- Obama shortens sentence of inmate from Cape (1/19/17)9
- Business notebook: Jackson salon owner also opens a clothing store (1/16/17)
- Area hospitals hope a box helps prevent infant deaths (1/19/17)6
- Jackson police describe night of anger, car crashes, drug possession by 18-year-old (1/22/17)5
- Two subjects of interest in 1992 homicide to take polygraph tests (1/15/17)8
- Meat-processing plant faces $70K penalty for Clean Water Act violations (1/17/17)4
- Cape SportsPlex contractor offers a look at the project (1/15/17)14
- Local students to perform with choir at inauguration (1/19/17)3
- Southeast to lose $3.5 million from state in budget cuts (1/18/17)21
- Subjects of interest in 1992 killing take polygraph tests; results not revealed (1/18/17)2
Much left to be done
There are good reasons for alarm at the Government Accountability Office, the Homeland Security Department and the Justice Department -- all of which have recognized the fraudulent use of millions of dollars of hurricane relief funding following last year's devastating storms along the Gulf Coast.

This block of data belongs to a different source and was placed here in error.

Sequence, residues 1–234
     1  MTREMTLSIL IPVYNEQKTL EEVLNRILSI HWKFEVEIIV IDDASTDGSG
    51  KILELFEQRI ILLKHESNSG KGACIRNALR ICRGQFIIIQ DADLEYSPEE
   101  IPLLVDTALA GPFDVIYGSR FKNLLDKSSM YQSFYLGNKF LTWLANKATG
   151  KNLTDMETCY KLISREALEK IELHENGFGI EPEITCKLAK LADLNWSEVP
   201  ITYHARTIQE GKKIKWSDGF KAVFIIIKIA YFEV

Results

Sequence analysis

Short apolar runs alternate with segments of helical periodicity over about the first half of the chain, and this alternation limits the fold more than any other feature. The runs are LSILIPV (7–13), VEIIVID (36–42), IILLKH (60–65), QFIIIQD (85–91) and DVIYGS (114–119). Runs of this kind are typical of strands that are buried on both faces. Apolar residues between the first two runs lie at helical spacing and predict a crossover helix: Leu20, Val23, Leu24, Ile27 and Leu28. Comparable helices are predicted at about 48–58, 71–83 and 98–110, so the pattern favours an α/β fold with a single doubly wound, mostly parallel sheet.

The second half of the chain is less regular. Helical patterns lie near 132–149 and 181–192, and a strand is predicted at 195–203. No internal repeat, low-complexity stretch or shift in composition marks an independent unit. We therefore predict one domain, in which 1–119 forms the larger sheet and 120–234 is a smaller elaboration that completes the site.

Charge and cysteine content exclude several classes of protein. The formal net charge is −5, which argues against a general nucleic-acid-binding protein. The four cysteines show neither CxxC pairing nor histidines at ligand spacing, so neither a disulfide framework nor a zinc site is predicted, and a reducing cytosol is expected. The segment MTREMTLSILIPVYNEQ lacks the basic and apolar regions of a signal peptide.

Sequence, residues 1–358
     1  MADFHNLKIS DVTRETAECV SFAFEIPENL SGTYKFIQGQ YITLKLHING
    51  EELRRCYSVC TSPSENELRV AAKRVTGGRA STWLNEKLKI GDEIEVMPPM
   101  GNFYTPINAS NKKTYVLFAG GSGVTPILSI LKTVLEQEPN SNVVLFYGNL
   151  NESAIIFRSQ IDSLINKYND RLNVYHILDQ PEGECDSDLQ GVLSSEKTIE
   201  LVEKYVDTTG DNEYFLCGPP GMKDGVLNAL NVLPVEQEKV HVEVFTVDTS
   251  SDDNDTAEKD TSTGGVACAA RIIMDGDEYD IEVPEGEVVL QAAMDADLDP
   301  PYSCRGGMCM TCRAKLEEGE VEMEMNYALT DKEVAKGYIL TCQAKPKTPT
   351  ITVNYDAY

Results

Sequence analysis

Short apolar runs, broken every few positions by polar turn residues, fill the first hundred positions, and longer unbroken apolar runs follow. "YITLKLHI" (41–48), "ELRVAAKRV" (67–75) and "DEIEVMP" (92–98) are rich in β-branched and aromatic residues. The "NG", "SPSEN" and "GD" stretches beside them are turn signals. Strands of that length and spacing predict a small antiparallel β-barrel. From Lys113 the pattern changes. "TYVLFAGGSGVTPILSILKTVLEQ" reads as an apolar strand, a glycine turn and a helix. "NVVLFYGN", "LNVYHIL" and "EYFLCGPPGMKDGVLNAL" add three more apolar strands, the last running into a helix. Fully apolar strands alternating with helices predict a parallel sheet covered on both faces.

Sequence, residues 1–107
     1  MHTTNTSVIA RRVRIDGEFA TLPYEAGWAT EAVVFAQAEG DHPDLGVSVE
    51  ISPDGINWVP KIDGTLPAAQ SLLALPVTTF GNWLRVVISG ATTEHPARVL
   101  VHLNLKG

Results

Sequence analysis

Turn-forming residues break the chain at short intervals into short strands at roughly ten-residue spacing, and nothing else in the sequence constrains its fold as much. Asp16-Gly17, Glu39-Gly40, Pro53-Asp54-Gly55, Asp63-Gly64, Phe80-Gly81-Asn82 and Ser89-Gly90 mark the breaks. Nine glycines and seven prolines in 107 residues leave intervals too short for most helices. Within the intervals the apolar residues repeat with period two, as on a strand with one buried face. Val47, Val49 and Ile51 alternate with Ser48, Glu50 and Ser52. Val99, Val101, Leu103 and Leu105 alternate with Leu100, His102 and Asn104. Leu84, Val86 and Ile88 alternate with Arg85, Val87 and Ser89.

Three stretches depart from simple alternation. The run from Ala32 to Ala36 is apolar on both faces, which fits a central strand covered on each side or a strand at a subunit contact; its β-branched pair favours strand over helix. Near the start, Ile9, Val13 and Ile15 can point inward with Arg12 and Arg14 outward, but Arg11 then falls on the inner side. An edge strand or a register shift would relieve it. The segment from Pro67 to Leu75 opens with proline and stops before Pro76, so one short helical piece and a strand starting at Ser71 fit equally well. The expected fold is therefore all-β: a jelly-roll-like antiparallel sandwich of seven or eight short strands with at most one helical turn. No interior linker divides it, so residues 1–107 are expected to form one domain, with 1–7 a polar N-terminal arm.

Every disaster produces its share of misdirected funds and scam artists who scavenge on victims in desperate need of immediate assistance. But the scope of the abused and misused hurricane aid is mind-boggling.
Congress has weighed in with hearings into both the funding mess and the bungling of relief efforts in general. A good deal of finger-pointing already has occurred, and there is likely to be much more.
While the recent focus has been on squandered dollars and mismanagement, there remains a monumental amount of work to be done to restore the cities and communities that are the homes and offices and factories of thousands of displaced human beings.
With the approach of Mardi Gras, the Gulf Coast -- especially New Orleans -- is trying to put on its best face for residents who are ready to replace storm recovery efforts with a bit of fun, and for visitors who expect to have a good time, just like always.
For now, the main effort should be to put the money designated for hurricane relief and reconstruction to good use. The sooner the Gulf Coast is able to function again, the sooner the survivors will begin to heal. Then go after the crooks and the bureaucratic bumblers.